The difference between Opener's Reverse and a Jumpshift


Author: Larry Cohen
Date of publish: 02/01/2016
Level: Intermediate

Even experienced players can get confused (or forget) when it comes to opener's jumpshifts and reverses.

Opener's Jumpshift is GF.  That means a really big hand. Responder cannot pass and the partnership cannot stop below game. The range is roughly 18+ (maybe 19+) points (counting useful distribution*).

Here are all of opener's possible jumpshifts into a new suit:

1♠-1♠-2♠
1♠-1♠-2♠
1♠-1♠-2♠
1♠-1♠-2♠
1♠-1♠-3♠
1♠-1♠-3♠
1♠-1NT-3♠
1♠-1♠-3♠ or 3♠
1♠-1NT-3♠ or 3♠
1♠-1NT-3♠ or 3♠ or 3♠

Any other jump by opener would not be a GF jumpshift. Here are the other possible (single) jumps opener can make (none of these are GF jumpshifts):

1♠-1♠-2NT (Natural + balanced, 18-19, not forcing)
1♠-1♠-3♠ (A jump rebid -- natural, invitational about 16-18 in playing strength)
1♠-1♠-3♠ (A jump raise -- Natural, 4-card support, invitational about 16-18 in playing strength)
1♠-1♠-2NT (Natural+balanced, 18-19 not forcing)
1♠-1♠-3♠ (Natural, 6+ diamonds, about 16-18 in playing strength)
1♠-1♠-3♠ (Natural, 4-card support, about 16-18 in playing strength)
1♠-1♠-2NT (Natural+balanced, 18-19 not forcing)
1♠-1♠-3♠ (Natural, 6+ diamonds, about 16-18 in playing strength)
1♠-1♠-3♠ (This is a "jump-reverse" which is a strange animal to be discussed at the end of this article)
1♠-1♠-3♠ (Natural, 4-card support, about 16-18 in playing strength)
1♠-1♠-2NT (Natural+balanced, 18-19 not forcing)

SUMMARY OF ABOVE:
If opener jumps into a new suit, it is natural and GF. It is usually not a balanced hand (they would have jump rebid 2NT or opened 2NT).  If opener jumps to 2NT it shows 18-19 balanced. If opener jumps in a previously bid suit (by either opener or responder) it shows a good hand (16-18), but is only invitational. Jump raises, jump rebids and jumps to 2NT are not GF.  They are not even forcing at all. Though it is not a jump, I wish to point out here that if the response to any opening bid is 1NT and opener's rebid is 2NT, that shows 18-19 balanced (1any-1NT-2NT).

Reverses

Opener's reverse is not forcing to game. But, it is forcing one round. Responder should not pass opener's reverse. The range is about 17-20 (counting playing strength). Click the link for specifics, but the gist of opener's reverse is:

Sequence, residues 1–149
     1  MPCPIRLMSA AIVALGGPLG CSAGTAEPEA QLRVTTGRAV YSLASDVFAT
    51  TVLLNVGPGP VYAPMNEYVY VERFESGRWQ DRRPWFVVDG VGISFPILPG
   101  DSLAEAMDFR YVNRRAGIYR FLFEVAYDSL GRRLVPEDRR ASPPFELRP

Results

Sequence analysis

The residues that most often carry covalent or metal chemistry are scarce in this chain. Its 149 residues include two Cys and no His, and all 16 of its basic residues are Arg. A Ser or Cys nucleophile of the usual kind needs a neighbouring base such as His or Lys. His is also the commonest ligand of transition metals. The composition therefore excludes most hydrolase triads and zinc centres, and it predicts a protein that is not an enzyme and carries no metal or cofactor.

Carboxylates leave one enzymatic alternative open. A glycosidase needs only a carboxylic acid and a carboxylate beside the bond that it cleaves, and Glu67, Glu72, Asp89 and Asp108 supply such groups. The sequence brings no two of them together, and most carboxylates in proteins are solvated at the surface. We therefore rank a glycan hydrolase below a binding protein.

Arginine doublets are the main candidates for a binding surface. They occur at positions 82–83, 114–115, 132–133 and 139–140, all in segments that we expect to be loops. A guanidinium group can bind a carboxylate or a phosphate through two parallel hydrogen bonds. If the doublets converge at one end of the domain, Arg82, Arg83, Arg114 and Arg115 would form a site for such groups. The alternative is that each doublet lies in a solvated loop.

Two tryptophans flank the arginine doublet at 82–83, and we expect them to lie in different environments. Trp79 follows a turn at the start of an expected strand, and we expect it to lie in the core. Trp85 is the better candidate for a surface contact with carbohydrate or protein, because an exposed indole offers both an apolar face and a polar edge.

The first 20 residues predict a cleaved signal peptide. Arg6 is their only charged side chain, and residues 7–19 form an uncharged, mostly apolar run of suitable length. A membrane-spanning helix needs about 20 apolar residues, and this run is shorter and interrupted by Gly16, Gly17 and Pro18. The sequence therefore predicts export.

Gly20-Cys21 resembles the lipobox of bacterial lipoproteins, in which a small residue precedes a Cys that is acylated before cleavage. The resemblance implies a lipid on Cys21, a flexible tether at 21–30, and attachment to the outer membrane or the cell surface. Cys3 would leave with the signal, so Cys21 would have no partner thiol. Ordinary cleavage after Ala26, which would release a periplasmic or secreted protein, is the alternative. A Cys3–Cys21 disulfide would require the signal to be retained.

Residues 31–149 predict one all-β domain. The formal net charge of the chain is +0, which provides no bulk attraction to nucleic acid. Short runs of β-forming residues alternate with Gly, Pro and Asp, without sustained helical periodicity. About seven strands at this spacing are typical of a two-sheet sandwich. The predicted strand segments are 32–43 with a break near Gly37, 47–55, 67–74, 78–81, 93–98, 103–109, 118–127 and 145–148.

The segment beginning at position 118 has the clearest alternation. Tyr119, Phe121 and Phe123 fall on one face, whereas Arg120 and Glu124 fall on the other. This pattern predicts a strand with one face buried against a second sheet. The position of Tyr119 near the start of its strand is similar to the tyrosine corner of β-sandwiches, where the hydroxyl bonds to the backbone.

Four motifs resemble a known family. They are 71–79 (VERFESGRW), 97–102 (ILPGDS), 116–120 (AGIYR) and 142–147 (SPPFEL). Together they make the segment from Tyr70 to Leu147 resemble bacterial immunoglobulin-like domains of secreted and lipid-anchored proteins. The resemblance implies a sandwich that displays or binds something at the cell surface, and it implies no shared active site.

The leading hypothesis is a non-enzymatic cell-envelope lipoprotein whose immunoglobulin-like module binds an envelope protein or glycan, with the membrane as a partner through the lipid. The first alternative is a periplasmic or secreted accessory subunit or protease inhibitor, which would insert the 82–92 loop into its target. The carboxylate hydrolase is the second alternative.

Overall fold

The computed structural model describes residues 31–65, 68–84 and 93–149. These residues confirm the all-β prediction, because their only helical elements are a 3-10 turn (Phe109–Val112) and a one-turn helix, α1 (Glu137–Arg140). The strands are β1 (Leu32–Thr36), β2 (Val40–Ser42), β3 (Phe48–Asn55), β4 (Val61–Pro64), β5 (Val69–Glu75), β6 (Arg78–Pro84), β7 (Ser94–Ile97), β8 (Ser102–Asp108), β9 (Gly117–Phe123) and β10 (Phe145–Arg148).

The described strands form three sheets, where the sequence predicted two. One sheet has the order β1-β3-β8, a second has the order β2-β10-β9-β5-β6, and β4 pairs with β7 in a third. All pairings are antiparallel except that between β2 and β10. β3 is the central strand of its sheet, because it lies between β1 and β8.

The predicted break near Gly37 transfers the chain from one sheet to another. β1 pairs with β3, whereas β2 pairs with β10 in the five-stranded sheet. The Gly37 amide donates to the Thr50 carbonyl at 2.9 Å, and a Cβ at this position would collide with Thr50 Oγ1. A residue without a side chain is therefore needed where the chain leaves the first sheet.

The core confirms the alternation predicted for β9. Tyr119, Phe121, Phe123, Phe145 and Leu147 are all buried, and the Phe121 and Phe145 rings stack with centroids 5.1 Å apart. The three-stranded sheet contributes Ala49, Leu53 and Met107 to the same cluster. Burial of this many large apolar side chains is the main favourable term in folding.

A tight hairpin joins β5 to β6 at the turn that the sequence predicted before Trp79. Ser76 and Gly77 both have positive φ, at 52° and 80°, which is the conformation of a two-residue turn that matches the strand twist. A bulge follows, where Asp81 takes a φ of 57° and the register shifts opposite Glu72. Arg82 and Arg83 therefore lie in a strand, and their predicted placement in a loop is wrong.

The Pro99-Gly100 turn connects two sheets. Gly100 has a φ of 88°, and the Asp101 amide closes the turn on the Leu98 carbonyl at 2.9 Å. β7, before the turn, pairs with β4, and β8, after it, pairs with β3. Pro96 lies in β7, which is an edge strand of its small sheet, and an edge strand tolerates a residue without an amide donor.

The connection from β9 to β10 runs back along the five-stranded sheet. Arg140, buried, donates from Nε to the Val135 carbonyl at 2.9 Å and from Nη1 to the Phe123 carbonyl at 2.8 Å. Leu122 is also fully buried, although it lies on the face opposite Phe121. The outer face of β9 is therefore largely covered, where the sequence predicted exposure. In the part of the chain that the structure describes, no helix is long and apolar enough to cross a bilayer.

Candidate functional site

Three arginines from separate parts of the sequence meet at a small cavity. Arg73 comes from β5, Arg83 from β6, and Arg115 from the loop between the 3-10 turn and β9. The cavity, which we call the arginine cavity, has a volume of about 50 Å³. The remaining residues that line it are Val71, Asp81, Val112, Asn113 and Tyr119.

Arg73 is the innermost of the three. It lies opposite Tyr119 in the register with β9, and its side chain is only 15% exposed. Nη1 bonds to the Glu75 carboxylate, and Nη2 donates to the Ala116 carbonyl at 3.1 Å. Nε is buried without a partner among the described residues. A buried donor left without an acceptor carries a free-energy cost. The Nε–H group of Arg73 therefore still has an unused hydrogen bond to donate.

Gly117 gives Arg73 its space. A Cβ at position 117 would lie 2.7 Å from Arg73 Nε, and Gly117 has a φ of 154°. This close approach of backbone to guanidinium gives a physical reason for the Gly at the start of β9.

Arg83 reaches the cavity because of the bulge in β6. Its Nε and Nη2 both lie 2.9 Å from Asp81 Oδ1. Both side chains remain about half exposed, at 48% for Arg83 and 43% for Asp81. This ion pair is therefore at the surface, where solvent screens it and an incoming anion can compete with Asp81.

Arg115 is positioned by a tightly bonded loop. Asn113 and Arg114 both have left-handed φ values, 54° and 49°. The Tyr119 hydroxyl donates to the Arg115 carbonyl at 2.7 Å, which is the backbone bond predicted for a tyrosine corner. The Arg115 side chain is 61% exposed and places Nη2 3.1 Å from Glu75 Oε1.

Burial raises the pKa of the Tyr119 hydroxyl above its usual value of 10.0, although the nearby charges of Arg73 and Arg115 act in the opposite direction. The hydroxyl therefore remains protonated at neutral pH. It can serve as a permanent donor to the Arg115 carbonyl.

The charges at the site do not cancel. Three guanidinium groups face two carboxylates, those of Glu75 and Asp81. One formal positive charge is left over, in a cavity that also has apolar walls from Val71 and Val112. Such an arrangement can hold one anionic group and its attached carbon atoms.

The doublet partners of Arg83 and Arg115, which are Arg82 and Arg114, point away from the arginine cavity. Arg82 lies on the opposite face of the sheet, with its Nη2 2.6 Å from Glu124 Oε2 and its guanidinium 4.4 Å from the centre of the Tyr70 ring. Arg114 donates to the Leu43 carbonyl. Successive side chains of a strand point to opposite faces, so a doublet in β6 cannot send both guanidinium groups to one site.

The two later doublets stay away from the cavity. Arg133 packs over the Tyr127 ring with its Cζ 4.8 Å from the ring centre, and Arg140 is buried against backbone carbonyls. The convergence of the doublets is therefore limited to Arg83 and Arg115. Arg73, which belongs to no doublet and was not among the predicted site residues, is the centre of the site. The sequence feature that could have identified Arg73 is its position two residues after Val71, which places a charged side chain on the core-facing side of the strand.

Opener's second bid is (not a jump) in a higher ranking suit than his first-bid suit. We are concerned only with auctions where responder bid on the one-level. If responder responds on the two-level, don't think of reverses. So, these are opener's possible reverses:

1♠-1♠-2♠
1♠-1♠-2♠ or 2♠
1♠-1NT-2♠ or 2♠ or 2♠
1♠-1♠-2♠
1♠-1NT-2♠ or 2♠
1♠-1NT-2♠


Rather than memorize the bidding sequences in this article, just know the definitions. Once you know that a reverse is 1X-1Y-2Z where Z is a higher-ranking suit than "X" you will recognize it. Remember that a reverse is a strong bid, forcing, but not GF. Occasionally, I hear (newer) students proudly state: "I don't play reverses." That's nice, but don't be proud. Like it or not, if you produce one of the auctions above, you have reversed! Try not to do it unless you have a strong hand!


 

Lastly, we have a strange animal that should be avoided except in very serious partnerships. That is a "jump reverse." Because a reverse is forcing (and up to 20), there is never a need to jump and reverse. Why preempt your own strong auction? So, these auctions make no sense:

1♠-1♠-3♠ (2♠ would be a big bid, so no need for 3♠)
1♠-1♠-3♠ or 3♠ (again, no need to jump when a reverse would suffice)
1♠-1♠-3♠ (2♠ is forcing, so no need for 3♠)

Why make such a bid? Experienced partners (who study and remember) use this as a "mini-splinter." It shows 4-card support, about 16-18, and shortness in the suit jumped in. It shows not quite enough for a 4-level splinter raise. So, 1♠-1♠-3♠ would show something like:

♠ KQ106  
♥ 2  
♦ A65  
♣ AQ652.
 


*"Playing strength" means HCP + useful distribution. Don't add for shortness in partner's suit, but add for useful long suits and useful short suits.